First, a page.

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muz1.jpg (19121 bytes)At the foot of the rugged walls of the Toros range dividing Turkey's eastern Mediterranean coast from the Anatolian plateau, are the fertile coastal plains of Anamur. This is Turkey's southernmost tip facing the Mediterranean to the south and the towering Toros Mountains to the north. The humid and warm climate of Anamur is ideal for growing bananas, which are cultivated nowhere else in Turkey, as well as peanuts, dates and avocado pears. Wildlife, too, abounds, such as the loggerhead turtle, whose last remaining breeding grounds include a beach near Anamur.

After mating the loggerhead females clamber up the beach to lay and bury their eggs in the sand in just two hours before returning to the sea. Hot, sunny beaches, clean sea, and many fascinating historical ruins are among Anamur's other attractions.

Before the advent of imported bananas in Turkey, the tiny, delicious and fragrant bananas grown here were the only kind available in markets and greengrocers. Bananas, which remain the symbol of Anamur, were in the past grown outdoors, but over recent years most farmers have begun to cultivate them under glass for protection against frost. Since both humidity levels and temperature can be controlled in this way, crops are now larger, enabling local bananas to hold their own in competition against imports. The village of Kaledran west of Anamur is the only place where you can still see bananas growing outdoors. Here they are the only crop, and the banana groves are so thick and so green, that from the road on the hillside above you seem to be looking over a great forest.

In the Saturday market held in Anamur villagers in colourful traditional costume sell delicious summer fruits direct from their own fields and orchards, including plums, pears, black grapes and strawberries. People come here to sell their produce from villages and high pastures as far afield as Ermenek. In between serving customers the stallholders eat grape molasses mixed with snow as a refreshing antidote to the heat. Densely packed snow sawn into blocks is brought down from the Toros Mountains to the market, and a few spoonfuls are scraped off onto a plate. Grape molasses or sour cherry syrup poured over the snow and stirred together makes a popular old-fashioned substitute for ice-cream known as karlı pekmez, or 'molasses with snow'.

Anamur has an ancient history going back to the Hittites. In the 1st century BC Anemurion, as the city was called, came under Roman rule. The Emperor Caligula ceded Anamur and all the other coastal cities of the eastern Mediterranean to the Kingdom of Commagene whose capital was Adıyaman. During the Byzantine period the city was sporadically attacked by Islamic armies, and in the 12th century came under Seljuk Turkish rule. When the Seljuk state went into decline Anamur became part of the Karamanoğulları Principality, and in the second half of the 15th century was incorporated into the Ottoman Empire.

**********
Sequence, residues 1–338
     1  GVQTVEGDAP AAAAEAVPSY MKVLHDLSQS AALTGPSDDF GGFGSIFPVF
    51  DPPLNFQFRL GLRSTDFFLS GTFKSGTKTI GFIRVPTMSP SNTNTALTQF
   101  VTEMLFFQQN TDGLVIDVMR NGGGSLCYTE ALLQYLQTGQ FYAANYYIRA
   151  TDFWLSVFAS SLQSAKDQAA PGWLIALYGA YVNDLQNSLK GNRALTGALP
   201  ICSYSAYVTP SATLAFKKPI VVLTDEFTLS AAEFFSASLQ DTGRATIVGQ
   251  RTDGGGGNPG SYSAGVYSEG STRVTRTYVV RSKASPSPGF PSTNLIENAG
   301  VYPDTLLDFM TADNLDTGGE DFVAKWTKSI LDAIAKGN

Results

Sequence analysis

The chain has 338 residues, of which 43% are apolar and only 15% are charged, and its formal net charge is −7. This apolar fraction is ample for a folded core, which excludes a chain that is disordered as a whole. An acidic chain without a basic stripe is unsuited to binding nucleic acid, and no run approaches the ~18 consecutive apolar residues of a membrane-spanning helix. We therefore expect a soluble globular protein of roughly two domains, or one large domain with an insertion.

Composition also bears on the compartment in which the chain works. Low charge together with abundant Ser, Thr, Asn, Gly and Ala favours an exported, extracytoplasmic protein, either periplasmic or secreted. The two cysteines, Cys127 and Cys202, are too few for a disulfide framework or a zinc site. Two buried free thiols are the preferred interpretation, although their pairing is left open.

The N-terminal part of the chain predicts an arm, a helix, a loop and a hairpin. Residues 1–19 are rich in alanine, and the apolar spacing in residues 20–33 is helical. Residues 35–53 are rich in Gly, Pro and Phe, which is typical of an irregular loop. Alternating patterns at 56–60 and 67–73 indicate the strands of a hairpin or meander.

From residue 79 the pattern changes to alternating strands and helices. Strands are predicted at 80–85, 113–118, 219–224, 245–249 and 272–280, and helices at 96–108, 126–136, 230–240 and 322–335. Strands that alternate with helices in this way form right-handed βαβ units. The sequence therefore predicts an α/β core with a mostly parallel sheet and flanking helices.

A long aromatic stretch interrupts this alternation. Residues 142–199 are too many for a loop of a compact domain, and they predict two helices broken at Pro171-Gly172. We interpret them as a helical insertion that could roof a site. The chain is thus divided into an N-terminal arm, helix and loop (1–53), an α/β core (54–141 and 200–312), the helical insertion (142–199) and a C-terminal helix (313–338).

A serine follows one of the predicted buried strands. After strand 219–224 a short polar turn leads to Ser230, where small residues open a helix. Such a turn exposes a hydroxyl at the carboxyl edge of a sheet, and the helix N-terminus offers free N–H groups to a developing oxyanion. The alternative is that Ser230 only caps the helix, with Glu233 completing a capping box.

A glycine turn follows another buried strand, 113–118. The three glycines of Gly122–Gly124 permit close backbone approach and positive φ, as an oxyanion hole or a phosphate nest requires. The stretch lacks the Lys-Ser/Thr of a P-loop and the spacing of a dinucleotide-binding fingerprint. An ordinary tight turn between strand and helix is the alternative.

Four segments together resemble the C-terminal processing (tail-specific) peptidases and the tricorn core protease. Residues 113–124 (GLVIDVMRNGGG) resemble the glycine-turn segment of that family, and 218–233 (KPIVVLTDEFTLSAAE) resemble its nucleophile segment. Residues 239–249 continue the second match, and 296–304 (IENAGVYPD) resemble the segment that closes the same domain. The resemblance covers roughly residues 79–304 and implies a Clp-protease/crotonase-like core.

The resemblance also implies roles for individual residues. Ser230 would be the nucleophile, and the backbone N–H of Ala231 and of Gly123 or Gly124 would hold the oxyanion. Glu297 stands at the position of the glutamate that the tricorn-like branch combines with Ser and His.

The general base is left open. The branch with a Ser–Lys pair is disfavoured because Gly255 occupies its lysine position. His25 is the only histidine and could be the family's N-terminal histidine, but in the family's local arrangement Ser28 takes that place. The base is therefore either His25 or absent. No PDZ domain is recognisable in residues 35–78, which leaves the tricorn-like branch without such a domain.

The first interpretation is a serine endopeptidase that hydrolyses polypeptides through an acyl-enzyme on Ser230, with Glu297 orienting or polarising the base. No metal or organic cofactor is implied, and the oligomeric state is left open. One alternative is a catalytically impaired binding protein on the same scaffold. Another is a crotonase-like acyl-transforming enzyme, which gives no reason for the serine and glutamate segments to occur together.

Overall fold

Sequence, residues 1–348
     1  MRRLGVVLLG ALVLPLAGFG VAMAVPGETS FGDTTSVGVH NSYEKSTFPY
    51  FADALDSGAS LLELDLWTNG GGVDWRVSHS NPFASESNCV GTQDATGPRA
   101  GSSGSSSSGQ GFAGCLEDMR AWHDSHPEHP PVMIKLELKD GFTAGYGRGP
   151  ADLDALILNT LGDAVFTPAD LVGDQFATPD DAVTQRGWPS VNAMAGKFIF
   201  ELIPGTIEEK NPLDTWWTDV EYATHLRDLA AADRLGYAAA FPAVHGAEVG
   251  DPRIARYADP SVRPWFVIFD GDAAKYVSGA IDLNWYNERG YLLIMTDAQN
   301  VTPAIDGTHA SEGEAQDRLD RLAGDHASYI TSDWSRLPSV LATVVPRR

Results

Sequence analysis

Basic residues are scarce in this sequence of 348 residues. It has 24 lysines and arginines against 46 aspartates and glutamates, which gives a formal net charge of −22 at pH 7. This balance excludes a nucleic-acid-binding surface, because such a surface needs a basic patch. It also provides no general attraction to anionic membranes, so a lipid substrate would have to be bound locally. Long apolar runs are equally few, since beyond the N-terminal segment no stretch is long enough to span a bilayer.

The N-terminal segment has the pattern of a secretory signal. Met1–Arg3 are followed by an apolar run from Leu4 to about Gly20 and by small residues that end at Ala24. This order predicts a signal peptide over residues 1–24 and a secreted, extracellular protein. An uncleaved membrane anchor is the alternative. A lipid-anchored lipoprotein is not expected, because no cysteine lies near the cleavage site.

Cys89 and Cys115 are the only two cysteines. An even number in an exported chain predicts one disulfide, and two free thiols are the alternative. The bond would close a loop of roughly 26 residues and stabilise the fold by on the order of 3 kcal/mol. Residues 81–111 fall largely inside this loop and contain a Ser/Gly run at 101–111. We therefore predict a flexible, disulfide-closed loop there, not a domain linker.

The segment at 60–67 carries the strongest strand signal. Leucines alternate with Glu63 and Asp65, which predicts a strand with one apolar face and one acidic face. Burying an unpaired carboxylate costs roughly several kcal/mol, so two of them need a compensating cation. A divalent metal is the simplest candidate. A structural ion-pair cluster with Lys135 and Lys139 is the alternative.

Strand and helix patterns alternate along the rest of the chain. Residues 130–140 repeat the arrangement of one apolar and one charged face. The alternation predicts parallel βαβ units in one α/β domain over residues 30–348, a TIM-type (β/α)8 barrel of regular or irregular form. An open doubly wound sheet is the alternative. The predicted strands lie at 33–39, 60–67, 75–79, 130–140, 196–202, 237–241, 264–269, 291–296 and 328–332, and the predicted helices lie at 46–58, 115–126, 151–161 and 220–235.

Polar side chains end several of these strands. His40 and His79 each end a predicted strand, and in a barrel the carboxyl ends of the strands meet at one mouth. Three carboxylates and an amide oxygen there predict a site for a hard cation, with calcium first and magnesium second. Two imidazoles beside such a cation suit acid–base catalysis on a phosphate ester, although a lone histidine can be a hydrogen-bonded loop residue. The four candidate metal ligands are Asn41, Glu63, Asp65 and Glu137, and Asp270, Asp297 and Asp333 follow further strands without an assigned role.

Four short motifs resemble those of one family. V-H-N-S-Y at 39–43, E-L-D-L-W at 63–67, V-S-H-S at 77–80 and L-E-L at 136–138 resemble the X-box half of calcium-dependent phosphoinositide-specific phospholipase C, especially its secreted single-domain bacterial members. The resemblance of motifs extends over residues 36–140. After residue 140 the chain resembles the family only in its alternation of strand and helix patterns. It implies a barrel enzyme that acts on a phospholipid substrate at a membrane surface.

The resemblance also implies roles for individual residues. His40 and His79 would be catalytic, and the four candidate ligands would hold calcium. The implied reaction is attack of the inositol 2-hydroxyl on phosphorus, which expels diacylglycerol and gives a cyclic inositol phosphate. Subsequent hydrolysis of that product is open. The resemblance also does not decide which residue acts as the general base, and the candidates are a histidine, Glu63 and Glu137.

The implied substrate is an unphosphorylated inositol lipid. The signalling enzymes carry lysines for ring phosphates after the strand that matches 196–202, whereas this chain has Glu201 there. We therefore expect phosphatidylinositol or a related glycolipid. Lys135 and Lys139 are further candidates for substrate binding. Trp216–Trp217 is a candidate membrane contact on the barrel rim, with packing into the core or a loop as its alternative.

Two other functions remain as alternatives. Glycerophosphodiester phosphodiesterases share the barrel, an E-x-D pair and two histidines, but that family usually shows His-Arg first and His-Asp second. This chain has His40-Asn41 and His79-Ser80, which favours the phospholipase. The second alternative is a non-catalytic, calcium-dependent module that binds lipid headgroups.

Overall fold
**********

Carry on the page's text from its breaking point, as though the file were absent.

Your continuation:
Anamur Castle, one of the best fortified castles in Turkey, lies on the road east of the town and is thought to date from the Roman period. A small mosque with a single minaret originally built by the Karamanoğulları in 1300 stands in the west courtyard. The mosque, which is still open to worship, is largely 16th century Ottoman in character.The ruins of the ancient city of Anemurion and the nearby beach are both spectacular. The beach is of oval pebbles of coloured stone and the sea a clear turquoise. The ruins of the ancient walls and buildings of the city cover Anamur Point and the hillsides behind.

As you lie beneath one of the rushwork umbrellas on the beach the ruins nearby present such a vivid picture and are so well preserved, that you seem to hear the voices of its former inhabitants and the sounds of bustling streets.Anemurion lay in the region of Cilicia, which gained importance in the Hellenistic period and developed still further under the Romans due to its proximity to both the island of Cyprus and the major Roman city of Germanikopolis in the Toros Mountains. It was an important port for the export of raw materials produced in the region. Excavations carried out by Professor James Russell of British Columbia University uncovered hundreds of graves on Anamur Point, aqueducts, odeon, theatre, baths and basilica.

The interior of the mausoleums are adorned with mosaics and frescos. Another of the sights of Anamur is Köşekbükü Cave near the village of Ovabaşı which contains stalactites and stalagmites. The cave is located in a rocky area surrounded by Scots pine, and by it is a café selling delicious savoury pastries known as gözleme and the yogurt drink ayran. Alternatively, you could try grilled trout caught in the ice-cold waters of the River Anamur. Round off your visit with a dip in the river waters which whirl and race down the steep sides of the Toros Mountains, but I lay wager that you will not be able to stand the freezing water for more than a minute!

Source: Skylife 10/2000
By Yusuf Darıyerli